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A 3-year causative study of pompholyx in 120 patients.

OBJECTIVE: To assess the relative frequency of the different causes of pompholyx evoked in the literature.

DESIGN: Prospective survey.

SETTING: Clinical outpatient setting.

PATIENTS: A total of 120 consecutive patients with pompholyx referred to our department from 2000 through 2003.

MAIN OUTCOME MEASURES: Systematic investigation of different causes of pompholyx: fungal intertrigo, hyperhidrosis, atopy, contact eczema, and internal reactions with systematic provocation tests to metals, balsam of Peru, and food allergen when suspected.

RESULTS: The present study found the following causes of pompholyx in the 120 patients: mycosis (10.0%); allergic contact pompholyx (67.5%), with cosmetic and hygiene products as the main factor (31.7%), followed by metals (16.7%); and internal reactivation from drug, food, or haptenic (nickel) origin (6.7%). The remaining 15.0% of patients were classified as idiopathic patients, but all were atopic. (Percentages do not total 100 because of rounding.)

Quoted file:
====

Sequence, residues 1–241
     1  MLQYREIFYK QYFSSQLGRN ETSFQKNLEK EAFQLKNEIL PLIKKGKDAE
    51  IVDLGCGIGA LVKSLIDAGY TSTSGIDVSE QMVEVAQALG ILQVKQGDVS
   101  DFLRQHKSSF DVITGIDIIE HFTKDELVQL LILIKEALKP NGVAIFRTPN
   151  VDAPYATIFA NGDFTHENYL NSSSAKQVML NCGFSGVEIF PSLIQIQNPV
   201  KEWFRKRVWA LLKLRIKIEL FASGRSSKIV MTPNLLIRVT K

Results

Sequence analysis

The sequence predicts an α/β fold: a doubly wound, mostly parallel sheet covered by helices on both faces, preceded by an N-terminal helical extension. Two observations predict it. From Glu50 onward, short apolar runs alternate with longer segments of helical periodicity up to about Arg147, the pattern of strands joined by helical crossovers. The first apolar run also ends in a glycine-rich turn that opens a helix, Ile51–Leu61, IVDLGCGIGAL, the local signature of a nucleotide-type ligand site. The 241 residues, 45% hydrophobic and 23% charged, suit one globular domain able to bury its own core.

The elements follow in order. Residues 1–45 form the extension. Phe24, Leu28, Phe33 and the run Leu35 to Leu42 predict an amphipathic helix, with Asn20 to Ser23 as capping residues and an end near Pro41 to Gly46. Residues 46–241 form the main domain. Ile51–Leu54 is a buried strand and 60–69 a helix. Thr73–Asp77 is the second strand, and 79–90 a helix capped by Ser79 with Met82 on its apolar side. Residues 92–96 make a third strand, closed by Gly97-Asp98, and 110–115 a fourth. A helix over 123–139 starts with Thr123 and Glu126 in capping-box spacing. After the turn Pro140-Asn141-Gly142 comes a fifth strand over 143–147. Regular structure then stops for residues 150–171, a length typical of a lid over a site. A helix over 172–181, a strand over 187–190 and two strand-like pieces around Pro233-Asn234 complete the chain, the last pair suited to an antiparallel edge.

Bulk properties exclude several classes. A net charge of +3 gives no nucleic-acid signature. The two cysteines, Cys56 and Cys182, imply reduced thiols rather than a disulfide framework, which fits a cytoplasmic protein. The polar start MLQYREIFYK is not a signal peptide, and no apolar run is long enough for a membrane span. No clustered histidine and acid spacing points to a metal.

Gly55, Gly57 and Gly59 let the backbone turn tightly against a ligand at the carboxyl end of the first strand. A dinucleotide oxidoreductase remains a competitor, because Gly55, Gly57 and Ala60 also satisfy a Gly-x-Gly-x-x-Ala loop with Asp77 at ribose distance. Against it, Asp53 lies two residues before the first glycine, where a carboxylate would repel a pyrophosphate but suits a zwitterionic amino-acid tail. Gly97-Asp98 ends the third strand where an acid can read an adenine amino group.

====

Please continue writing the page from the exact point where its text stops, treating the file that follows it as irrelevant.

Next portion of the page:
CONCLUSIONS: Our data confirm the existence of reactional pompholyx to interdigital-plantar intertrigos and endogenous reactions to metals or other allergens, but they mainly point at the unexpected importance of a so-called contact pompholyx in which cosmetic and hygiene products play a preponderant role compared with metals. The great frequency of atopic conditions, even if idiopathic pompholyx is not inferred as an equivalent of atopy, should lead to further causative investigations before undertaking more expensive or extensive treatments of refractory pompholyx.

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